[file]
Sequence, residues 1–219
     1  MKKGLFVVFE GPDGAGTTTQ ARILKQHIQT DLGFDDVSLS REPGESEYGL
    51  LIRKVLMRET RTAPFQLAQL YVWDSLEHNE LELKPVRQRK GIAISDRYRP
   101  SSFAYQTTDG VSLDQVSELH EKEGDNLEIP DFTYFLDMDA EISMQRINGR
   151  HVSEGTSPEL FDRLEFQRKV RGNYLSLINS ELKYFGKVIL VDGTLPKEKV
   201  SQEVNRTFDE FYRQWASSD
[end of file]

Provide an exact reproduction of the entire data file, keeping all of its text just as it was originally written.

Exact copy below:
Sequence, residues 1–219
     1  MKKGLFVVFE GPDGAGTTTQ ARILKQHIQT DLGFDDVSLS REPGESEYGL
    51  LIRKVLMRET RTAPFQLAQL YVWDSLEHNE LELKPVRQRK GIAISDRYRP
   101  SSFAYQTTDG VSLDQVSELH EKEGDNLEIP DFTYFLDMDA EISMQRINGR
   151  HVSEGTSPEL FDRLEFQRKV RGNYLSLINS ELKYFGKVIL VDGTLPKEKV
   201  SQEVNRTFDE FYRQWASSD